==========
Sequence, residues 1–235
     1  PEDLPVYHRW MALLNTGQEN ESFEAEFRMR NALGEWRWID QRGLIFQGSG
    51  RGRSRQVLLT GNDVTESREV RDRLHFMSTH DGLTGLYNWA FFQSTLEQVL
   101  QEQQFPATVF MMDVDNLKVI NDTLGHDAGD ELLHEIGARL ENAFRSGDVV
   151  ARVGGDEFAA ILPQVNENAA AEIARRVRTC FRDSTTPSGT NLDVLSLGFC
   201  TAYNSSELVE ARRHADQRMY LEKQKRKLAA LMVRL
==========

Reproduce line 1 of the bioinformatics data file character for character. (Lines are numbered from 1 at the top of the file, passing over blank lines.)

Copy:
Sequence, residues 1–235